Scripture: Lectionary 288. May 2. Acts 15:7-21. Psalm 96: 1-2,2-3,10. John 15:9-11:
John’s Gospel emphasizes the special love called AGAPE; it is especially prominent in the second part of the Gospel which we are now experiencing in the liturgy of the word. Agape love is emphasized seven times in the Fourth Gospel and only twice in the Synoptics. It is this theme of love combined with joy that we are privileged to hear from Jesus in today’s chosen Gospel.
Love is expressed through the symbol of the heart; it is also expressed by the words for womb in Hebrew and by the covenantal words of loving-kindness (Hesed). It comes from the depths of the interior parts of our being and from the human heart of Jesus. Jesus tells us we are loved by him with the very love that the Father has for his Son. This is divine love manifested in the human heart of Jesus that is so unusual and breathtaking that it overwhelms us when we start to understand or experience it. St. Margaret Mary Alacoque experienced this type of love and helped us to understand the Sacred Heart of Jesus with which such love originated. Jesus wants us to be sons and daughters of the Father through this love and to be one with him in its manifestation. We know from our faith and our doctrine that the love between Jesus and the Father is the Holy Spirit. It is the Spirit who not only is our Advocate (Paracletos) but also the gift of joy in the love we have from Jesus and our response in love to him. Jesus promised us this gift so that we would always have this love and the joy that accompanies it. Our joy is to be complete just as Jesus says in the Scripture for this day. We are to live in that love and have life forever through it. All has been changed through the Easter Mysteries we are living through during this season. Love and joy are essential to our very lives and our worship of God through Jesus Christ his loving Son. Jesus is our life, our love, and our joy.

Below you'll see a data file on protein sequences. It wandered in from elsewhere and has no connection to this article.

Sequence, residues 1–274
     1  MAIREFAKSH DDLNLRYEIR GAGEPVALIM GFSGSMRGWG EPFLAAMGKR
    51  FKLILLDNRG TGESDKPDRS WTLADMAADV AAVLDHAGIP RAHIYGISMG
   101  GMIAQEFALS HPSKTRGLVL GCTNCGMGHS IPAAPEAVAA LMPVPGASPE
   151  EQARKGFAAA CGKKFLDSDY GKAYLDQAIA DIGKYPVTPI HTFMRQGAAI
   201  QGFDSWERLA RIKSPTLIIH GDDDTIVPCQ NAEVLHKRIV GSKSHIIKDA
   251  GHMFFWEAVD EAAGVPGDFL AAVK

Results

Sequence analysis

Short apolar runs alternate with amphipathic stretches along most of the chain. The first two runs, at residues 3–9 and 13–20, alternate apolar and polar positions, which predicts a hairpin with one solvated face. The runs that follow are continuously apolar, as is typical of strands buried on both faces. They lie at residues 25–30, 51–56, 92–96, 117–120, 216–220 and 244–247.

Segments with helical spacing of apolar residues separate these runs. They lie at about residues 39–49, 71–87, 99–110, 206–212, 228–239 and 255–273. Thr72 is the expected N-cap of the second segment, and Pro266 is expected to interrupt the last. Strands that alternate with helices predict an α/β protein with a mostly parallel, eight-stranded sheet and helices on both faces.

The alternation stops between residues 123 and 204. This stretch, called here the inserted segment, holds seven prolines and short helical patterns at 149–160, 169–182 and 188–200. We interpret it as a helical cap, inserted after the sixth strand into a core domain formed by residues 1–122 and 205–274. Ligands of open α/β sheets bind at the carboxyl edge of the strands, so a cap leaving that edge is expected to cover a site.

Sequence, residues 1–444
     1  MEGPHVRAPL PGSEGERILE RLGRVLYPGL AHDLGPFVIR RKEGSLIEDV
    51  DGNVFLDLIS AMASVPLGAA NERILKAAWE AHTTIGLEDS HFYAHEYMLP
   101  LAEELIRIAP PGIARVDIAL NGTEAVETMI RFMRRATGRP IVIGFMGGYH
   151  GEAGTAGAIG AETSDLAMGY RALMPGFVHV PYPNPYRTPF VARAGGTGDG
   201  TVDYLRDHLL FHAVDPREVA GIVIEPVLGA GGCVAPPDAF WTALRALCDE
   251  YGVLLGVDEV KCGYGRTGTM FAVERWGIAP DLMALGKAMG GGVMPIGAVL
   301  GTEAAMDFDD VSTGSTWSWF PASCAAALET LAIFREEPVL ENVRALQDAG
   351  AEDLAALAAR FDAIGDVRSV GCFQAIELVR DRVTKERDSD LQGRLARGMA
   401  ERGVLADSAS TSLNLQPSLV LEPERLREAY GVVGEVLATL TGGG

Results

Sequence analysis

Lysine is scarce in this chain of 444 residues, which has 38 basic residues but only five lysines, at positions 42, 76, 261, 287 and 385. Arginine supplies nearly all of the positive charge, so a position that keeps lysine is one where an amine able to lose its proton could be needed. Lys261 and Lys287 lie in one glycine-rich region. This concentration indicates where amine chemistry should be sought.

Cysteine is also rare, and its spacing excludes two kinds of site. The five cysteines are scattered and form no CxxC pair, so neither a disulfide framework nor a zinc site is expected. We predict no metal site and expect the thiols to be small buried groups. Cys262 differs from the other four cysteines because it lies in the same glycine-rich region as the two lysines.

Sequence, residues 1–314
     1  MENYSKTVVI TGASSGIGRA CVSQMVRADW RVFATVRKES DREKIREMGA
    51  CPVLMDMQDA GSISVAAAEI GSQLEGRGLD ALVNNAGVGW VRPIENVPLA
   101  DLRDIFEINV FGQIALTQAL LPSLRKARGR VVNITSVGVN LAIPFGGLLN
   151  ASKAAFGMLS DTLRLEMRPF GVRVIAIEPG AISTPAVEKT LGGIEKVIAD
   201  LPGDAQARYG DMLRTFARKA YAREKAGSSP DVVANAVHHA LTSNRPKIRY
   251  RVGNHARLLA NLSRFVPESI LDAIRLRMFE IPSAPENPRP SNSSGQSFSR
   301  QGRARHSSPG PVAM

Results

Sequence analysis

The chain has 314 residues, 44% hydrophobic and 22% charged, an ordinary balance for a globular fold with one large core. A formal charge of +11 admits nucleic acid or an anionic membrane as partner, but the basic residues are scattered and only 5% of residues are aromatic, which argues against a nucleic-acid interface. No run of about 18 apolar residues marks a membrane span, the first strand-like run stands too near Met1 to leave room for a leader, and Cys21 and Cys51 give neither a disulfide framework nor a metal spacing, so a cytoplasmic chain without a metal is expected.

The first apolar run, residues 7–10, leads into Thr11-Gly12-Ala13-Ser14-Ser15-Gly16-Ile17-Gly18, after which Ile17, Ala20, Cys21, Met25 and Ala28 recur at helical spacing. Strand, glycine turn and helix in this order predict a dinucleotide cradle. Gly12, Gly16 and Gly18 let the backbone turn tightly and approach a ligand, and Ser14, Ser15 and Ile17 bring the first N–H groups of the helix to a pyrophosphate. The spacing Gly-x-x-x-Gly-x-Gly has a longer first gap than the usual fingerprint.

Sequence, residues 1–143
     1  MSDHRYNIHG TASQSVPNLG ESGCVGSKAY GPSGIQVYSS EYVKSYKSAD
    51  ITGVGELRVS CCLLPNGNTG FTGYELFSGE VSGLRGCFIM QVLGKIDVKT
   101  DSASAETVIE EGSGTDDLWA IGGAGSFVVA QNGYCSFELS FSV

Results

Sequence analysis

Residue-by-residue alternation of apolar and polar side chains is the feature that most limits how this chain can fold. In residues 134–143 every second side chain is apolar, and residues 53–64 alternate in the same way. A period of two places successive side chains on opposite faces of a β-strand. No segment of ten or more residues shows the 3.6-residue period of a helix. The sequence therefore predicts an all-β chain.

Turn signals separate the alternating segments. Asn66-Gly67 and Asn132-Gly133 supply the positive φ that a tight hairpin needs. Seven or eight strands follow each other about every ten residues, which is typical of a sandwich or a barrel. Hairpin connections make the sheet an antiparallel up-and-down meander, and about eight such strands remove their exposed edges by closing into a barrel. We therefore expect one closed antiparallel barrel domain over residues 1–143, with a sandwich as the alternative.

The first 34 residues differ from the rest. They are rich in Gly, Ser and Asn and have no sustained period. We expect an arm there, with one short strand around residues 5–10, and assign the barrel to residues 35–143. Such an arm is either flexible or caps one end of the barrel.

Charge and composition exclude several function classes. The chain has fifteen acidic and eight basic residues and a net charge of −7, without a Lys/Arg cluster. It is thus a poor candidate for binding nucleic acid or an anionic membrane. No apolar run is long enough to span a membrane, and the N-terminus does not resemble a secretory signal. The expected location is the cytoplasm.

Our Evangelist (John) continually spirals his revelatory message so that we may contemplate it from many levels as we ascend with Jesus through the Resurrection and his glorification. We are helped by this Gospel to become contemplative people who enjoy the profound revelation of the joy and love of Jesus who is life, truth, the way, the Bread, the Wine. We with the love that Jesus has for us and gives to us makes it possible for us to do the will of God by keeping Jesus’ commandment of love wherein we love each other with his very love. This alone can get us past the barriers of human love that in itself is so good. Our human love becomes greater and more God-like when we comprehend that we are to love others not as we would want to be loved but as Jesus loves them; this includes those who are hostile to us and hate us.
John has revealed this love within the setting of the Last Supper and the Passover meal in which Jesus washed the feet of his disciples to help them understand they type of love he was giving them and us. Jesus wanted to demonstrate how we are to love one another with this remarkable action of profound divine-human humility. Amen.
There is another word for love on the human level that is expressed by the verb phelein. Here, too, John surpasses the Synoptics put together. He uses it thirteen times; they eight times together (Matthew 5, Mark 1, and Luke 2 times).
Copyright 2013 Fr. Bertrand Buby, S.M.